In his commentary on Deuteronomy, Daniel Block considers the relationship between God’s covenant with Abraham and his covenant with Israel. Entitled “the covenant with your forefathers” in Deuteronomy 4:31, he asks whether this is a reference to God’s covenant with Abraham, Isaac, and Jacob (cf. Exod 2:24; 6:4; Lev 26:4)? Or a reference to the covenant God made with Israel at Horeb (Deut 4:13)? Or is it somehow a reference to both?
In eight points, Block shows why it is best to see these two covenants as organically related. Instead of singularly referring to the covenant with Abraham or the covenant at Horeb, he explains that God’s covenant with Israel continues the covenant with Abraham. Adding legislation to the original covenant with Abraham, it extends the promises to Abraham and adds national stipulations for Abraham’s offspring. In this way, Block helps us read Moses on his own terms and to see how the biblical covenants relate to one another. Here’s how Block explains it:
1. The distinction many make between the Abraham a covenant as unconditional and the Israelite covenant as conditional is false. All covenants involve relationships, the health of which depends on the actions of each party vis-a-vis the other. As anticipated in Genesis 17:7, the Israelite covenant ratified at Sinai was the means by which the promise made within the Abrahamic covenant was fulfilled. [The covenant at Sinai also takes a further step towards the covenants with Levi and David, which ultimately terminate in the New Covenant].
2. Although we read of God’s covenant with Abraham, Isaac, and Jacob [Exod 2:24; 6:4; Lev 26:42; 2 Kgs 13:23; 1 Chron 16:15–18; Ps 105:8–11], this covenant is never referred to elsewhere as “the covenant of your forefathers.”
3. Leviticus 26:45 explicitly associates the “covenant of the ancestors (berit ri’sōnîm), used here, with those “whom I brought out of Egypt in the sight of the nations to be their God.”
4. In [Deuteronomy 4] (esp. vv. 9–31), the central issue has been the covenant that Yahweh made with Israel at Horeb and that is embodied in the Decalogue.
5. Moses’ reference to Yahweh’s remembering his covenant with the forefathers deliberately contrasts his fixed memory with the Israelite lapse of memory (cf. v. 23).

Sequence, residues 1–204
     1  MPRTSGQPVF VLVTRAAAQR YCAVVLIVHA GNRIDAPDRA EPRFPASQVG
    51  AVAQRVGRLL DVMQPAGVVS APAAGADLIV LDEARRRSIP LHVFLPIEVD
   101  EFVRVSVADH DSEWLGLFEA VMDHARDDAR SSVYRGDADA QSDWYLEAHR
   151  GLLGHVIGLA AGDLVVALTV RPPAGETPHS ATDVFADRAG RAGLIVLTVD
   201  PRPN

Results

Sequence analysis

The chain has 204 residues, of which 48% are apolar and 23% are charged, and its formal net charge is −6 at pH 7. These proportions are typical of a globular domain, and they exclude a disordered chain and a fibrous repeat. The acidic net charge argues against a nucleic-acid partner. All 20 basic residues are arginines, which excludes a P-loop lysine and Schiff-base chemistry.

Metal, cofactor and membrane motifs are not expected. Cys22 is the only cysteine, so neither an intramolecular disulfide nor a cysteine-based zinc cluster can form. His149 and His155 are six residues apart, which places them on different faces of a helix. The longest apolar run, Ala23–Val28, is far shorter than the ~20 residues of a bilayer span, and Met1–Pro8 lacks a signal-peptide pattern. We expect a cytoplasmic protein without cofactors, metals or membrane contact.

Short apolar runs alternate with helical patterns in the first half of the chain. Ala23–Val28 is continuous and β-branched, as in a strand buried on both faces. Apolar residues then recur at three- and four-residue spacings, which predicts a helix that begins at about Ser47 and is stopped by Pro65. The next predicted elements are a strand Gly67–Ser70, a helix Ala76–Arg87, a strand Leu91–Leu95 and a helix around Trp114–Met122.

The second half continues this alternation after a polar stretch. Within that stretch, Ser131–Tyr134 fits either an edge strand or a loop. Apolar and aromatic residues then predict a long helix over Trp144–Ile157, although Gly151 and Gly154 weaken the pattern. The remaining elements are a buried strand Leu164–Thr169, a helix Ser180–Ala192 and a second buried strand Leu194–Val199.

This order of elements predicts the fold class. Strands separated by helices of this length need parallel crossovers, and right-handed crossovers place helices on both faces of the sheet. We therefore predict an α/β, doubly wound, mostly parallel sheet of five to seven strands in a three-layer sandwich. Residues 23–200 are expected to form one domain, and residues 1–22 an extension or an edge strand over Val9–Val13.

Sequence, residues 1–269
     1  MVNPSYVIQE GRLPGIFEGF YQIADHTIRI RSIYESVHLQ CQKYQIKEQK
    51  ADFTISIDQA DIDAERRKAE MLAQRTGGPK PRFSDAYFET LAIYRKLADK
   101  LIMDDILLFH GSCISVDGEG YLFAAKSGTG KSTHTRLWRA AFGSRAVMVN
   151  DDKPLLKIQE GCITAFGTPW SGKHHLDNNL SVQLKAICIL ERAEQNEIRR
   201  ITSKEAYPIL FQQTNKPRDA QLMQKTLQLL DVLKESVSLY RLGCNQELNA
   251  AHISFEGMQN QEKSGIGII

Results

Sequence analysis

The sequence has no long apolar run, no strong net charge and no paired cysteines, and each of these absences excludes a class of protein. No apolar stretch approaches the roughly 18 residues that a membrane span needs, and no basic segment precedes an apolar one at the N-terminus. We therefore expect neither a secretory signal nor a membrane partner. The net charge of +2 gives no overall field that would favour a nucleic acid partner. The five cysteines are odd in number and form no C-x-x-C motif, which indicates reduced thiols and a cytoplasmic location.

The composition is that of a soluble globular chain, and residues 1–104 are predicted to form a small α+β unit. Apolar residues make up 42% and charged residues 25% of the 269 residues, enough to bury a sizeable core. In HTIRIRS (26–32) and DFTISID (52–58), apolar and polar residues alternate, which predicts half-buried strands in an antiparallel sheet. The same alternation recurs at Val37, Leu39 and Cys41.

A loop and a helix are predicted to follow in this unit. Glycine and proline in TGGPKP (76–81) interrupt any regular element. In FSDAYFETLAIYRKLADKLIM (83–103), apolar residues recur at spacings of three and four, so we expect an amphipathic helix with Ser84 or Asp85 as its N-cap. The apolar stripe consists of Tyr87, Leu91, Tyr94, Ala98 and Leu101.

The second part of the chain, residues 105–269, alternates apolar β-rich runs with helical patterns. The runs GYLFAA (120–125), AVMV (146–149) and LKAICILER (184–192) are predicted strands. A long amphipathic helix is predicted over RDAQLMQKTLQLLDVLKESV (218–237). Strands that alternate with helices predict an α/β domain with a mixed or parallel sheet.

6. Since Moses is speaking of the distant future (v. 30) and specifically refers to when “you have had children and grandchildren” (v. 25), “your forefathers” could refer to the exodus generation or even to the present generation.
7. While some cite the absence of an oath at Horeb as evidence for the Abrahamic covenant, we should note first that in the ancient Near East covenants would rarely have been made without an oath. Moreover, later prophetic tradition actually speaks of Yahweh’s commitment on oath to this covenant.” [Ezek 16:8; 20:5]
8. Finally, borrowing heavily from Deuteronomy, Jeremiah explicitly identifies the exodus generation as the forefathers with whom Yahweh made a covenant (34:13).
From these observations, we can see how the covenant with Abraham and his children grew into the covenant with Israel. Or as Block concludes,
In the end, there is no need to choose between the patriarchal covenant and the Israelite covenant. Rather than focusing on the land— as promised to the patriarchs—in verse 31 Moses’ attention is on Yahweh’s relationship with his people: “He will neither fail you nor destroy you” [pers. trans.]. Furthermore, the “return” spoken of in verses 29-31 is not to the land but to Yahweh. The issue in this chapter is much greater than land. Unlike the gods of the nations, who were primarily interested in territory and only secondarily concerned about people, always primary concern lies with his people and his relationship to them (Gen. 17:7). The covenant he remembers is the one made with Abraham, extended to his descendants at Horeb, and about to be confirmed with this generation on the Plains of Moab. (pp. 134–36)
Overall, Block’s commentary is helpful as it reminds us to see how the biblical text explains the development of covenants. But his additional comment about the land is also apposite, for he invites us to see the main point of each biblical covenant is God himself—not the land, not the offspring, not the material blessings of the covenant.
While each covenant promises blessings such as offspring and land, those blessings are only as good as the God who dwells in the land and grants life to future generations. In this way, God is the gift of every covenant, and every covenant is at its core God-centered. For this reason, the storyline of the Bible awaits a covenant that is made between God (the Father) and God (the Son). Until God the Son keeps the new covenant, all the other covenants are preliminary and endangered by sin. The Old Testament compacts with God are true covenants, but as Hebrews says—they are weak and fading away.
Thankfully, God keeps his promise to Abraham (Genesis 15) and even when Abraham’s offspring fail Yahweh’s steadfast love remains (cf. Hosea 11). This divine faithfulness is seen in God’s commitment to bring Israel back from the nations and to add the nations to them in the final covenant God makes with humanity through the death and resurrection of Christ.
Truly, the new covenant is the source of international hope and the one to which all the other covenants in the Bible point. For that reason we must keep looking at how the Bible describes the covenants and how they all lead to Christ.
Soli Deo Gloria, ds